Rural bridges are first to be replaced because they're 'shovel-ready'
Rural bridges that don't get used much will be the first ones replaced in Wisconsin with federal stimulus money.
The Milwaukee Journal Sentinel found that the first 37 bridge projects approved by state lawmakers carry an average of only 568 vehicles a day.
And two bridges in Iowa and Douglas counties only carry about 10 cars and trucks per day.
Meanwhile, repairs for urban bridges which get 60,000 cars a day were not eligible for the first round of funding.
Beth Cannestra of the state Department of Transportation said the busiest bridges often require the most engineering and more time is needed to adjust utilities before construction can begin.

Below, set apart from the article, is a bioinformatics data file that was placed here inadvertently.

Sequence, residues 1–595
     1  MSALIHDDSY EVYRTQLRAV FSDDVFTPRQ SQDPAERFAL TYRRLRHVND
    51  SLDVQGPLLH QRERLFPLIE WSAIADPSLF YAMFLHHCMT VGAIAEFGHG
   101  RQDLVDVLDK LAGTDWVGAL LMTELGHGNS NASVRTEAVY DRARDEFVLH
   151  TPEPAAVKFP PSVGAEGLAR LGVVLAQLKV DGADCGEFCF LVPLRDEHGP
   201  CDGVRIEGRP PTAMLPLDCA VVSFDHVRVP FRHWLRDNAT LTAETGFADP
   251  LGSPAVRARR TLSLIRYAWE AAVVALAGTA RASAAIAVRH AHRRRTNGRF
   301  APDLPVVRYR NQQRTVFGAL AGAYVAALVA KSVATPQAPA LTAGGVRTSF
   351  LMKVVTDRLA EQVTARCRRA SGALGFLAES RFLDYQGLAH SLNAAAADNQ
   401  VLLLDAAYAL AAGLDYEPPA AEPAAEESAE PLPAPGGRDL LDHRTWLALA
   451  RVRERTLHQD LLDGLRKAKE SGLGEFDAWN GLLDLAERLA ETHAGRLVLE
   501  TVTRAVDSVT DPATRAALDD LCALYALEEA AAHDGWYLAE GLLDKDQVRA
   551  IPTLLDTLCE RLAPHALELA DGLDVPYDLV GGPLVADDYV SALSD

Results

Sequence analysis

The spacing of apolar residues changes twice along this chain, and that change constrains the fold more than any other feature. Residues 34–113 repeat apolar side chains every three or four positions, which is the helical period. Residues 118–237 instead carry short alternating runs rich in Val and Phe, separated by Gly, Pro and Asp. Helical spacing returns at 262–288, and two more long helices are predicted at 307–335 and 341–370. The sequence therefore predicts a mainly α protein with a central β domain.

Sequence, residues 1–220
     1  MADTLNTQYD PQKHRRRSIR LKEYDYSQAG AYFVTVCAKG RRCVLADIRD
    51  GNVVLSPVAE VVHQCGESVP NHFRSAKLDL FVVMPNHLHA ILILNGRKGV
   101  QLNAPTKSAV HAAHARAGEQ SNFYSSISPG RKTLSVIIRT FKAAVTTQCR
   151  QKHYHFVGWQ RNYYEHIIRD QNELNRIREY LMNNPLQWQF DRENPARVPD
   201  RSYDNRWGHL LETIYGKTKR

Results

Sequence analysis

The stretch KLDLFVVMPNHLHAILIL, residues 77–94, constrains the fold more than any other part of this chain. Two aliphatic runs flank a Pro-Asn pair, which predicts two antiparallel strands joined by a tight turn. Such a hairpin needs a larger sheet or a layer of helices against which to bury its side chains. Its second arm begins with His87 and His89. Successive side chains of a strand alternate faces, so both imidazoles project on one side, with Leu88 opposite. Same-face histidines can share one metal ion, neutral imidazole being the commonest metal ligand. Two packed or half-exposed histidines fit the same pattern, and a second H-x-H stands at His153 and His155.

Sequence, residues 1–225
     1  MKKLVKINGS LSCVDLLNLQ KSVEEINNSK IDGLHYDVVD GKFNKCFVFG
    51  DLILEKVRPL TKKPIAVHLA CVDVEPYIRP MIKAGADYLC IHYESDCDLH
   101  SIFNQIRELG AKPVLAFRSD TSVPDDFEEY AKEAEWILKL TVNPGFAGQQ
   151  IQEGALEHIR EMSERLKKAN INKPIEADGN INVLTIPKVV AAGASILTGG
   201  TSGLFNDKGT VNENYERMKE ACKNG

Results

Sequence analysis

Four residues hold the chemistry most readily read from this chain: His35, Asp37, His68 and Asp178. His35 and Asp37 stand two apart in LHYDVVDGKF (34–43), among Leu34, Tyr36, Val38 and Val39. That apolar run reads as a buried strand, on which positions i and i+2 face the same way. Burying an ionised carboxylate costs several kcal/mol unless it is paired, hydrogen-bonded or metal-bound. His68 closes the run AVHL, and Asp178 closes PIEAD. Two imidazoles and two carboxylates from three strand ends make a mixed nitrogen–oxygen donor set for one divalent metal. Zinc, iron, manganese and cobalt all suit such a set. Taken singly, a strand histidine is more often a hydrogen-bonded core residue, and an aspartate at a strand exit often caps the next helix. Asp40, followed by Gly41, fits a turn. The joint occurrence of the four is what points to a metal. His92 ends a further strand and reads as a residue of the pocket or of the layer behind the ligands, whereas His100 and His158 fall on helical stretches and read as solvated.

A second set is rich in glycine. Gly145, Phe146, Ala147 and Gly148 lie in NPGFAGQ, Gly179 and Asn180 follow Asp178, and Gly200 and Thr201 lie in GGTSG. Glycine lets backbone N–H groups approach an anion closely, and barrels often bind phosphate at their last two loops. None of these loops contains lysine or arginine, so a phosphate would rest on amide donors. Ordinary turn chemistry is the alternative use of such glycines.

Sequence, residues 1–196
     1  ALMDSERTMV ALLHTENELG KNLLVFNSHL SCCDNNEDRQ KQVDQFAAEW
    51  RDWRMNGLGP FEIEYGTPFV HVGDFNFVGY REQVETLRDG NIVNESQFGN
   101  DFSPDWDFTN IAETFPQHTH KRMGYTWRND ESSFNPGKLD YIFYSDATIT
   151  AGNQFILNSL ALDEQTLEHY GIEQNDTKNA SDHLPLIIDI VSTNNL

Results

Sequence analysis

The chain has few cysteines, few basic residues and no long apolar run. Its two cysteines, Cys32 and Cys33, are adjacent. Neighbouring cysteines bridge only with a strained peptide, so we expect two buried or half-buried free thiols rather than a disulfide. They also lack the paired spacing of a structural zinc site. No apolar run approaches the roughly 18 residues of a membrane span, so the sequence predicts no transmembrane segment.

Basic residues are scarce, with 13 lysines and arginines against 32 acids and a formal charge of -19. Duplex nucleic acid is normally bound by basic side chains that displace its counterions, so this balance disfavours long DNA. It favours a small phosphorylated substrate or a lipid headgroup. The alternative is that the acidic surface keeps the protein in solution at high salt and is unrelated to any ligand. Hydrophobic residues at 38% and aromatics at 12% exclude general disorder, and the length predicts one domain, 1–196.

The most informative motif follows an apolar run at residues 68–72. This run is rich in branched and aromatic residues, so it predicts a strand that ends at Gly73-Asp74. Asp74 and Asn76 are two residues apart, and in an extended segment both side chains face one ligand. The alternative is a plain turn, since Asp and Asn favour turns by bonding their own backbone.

In other words, those projects are not shovel-ready.
Officials said the first bridge projects met the federal criteria for getting contractors on the job quickly.
Meanwhile, highway officials around the state are scrambling for the next round of funding. Those applications are due Dec. 8.
About $116 million will be available in the next round.
Fifty-million of that is committed for projects around Milwaukee, Madison, and the far reaches of the Chicago metro.
All told, Wisconsin is getting $529 million in economic stimulus dollars for new roads and bridges, putting 13,000 people to work.